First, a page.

A market is one of the most attractive places, because that’s where food is sold and where people meet.
But sometimes, it can become an eye sore, if not managed well, especially with waste or rubbish.
Unfortunately, the Popondetta Market in Northern Province has fallen into this category.
Everyday, rubbish is piling up and has become an eyesore to commuters.
EMTV News visited the market recently and spoke to Douglas Jawalepa, who is employed by the Higaturu Local Government to keep this market clean.
Upon our query on its ownership, Douglas said that this market, although in the Central Business District, is owned by Higaturu Local Government and not the Popondetta Urban Council.
“Popondetta Urban Council asked to manage this market but they take into consideration, that the properties belong to Higaturu Local Level Government.”
Douglas and his colleagues work tirelessly, starting work early in the morning, collecting market fees and maintaining cleanliness at the Popondetta Market.
Despite their requests falling on deaf ears, they continue to do what they can.
“Every time we go to the officer, we do inform the manager, that we want a truck. They always respond saying that there is no money, but we know that we always collect revenue which amounts to hundredths or even thousandths,” he said.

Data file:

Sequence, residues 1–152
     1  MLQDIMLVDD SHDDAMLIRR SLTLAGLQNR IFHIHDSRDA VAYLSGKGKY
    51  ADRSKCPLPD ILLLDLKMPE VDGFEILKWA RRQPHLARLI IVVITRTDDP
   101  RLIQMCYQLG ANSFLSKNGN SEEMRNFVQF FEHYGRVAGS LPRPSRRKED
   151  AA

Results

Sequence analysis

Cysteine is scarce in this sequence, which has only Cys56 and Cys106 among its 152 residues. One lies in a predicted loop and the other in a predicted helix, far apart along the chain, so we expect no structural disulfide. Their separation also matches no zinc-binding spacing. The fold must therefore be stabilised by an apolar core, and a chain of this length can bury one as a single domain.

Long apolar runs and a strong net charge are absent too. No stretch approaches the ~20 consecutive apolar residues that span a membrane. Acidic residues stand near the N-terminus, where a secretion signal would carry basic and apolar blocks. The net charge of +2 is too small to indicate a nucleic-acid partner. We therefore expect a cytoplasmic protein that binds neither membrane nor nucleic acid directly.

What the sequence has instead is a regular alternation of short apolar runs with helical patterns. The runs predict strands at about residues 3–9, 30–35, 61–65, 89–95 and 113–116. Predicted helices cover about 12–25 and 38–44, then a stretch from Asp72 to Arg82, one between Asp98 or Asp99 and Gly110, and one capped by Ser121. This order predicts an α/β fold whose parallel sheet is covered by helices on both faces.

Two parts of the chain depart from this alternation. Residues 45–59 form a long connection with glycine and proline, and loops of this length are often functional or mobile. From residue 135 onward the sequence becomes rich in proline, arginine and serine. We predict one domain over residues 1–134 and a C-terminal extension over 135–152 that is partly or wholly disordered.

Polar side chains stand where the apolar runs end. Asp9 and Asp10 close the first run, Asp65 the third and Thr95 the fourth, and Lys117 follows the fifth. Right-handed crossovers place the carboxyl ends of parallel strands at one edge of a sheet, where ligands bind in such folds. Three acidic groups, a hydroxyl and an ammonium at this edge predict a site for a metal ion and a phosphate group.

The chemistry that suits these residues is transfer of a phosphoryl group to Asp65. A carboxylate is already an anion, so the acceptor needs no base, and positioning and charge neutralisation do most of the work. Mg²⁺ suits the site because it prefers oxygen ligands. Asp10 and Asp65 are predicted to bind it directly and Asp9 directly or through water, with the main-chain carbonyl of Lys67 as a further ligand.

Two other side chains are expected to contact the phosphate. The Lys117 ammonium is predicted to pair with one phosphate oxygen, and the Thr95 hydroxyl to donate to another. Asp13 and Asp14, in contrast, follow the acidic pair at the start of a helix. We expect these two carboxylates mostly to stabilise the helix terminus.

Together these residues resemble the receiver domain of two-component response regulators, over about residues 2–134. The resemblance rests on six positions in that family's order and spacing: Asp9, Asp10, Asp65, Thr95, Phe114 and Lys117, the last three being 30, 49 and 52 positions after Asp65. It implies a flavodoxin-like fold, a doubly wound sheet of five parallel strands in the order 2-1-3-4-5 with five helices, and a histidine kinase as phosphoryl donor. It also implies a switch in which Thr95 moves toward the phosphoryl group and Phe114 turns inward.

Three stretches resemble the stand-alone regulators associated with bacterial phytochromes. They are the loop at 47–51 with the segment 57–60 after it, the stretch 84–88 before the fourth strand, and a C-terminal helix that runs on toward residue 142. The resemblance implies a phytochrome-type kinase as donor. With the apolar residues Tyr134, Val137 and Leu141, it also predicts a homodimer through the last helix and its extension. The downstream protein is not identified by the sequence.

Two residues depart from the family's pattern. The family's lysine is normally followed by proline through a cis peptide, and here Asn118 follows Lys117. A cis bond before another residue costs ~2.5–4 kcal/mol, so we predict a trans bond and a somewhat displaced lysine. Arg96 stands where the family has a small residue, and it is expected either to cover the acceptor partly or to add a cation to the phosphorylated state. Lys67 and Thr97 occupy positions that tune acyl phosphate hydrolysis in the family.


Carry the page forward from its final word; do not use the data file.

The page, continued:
What concerns Douglas and his colleagues in particular is food hygiene.
A walk around the market sees there are no regulations being applied. Cooked food is not being covered, which is a great health risk.
Felix Korina, a colleague of Douglas, said they want laws and regulations to be imposed for the people’s health.
“When it’s raining, it’s the worse time. Many flies that flies around, and who knows that food maybe contaminated with germs.”
Community Leader, Kapera Makura said that mothers have no choice but have to stay on to sell their produce.
“Officers must come down to the standard of the people and see the rubbish that is piling up. This is very unhygienic.”
Douglas and his colleagues claimed there is miscommunication and are calling on the Higaturu Local Level Government to allocate a vehicle to remove the rubbish.
“I think by Christmas or New Year, the rubbish will continue to pile up,”
“This market is where money is generated to support family households,” Jawalepa said.
The market workers also claimed they haven’t been paid for 21 fortnights. But they do their work out of love and loyalty.
“How are we going to survive, when we have families?”
They said that there must be a dialogue to allow the transfer of assets.
But for this to happen, it must be pushed through by political bureaucrats.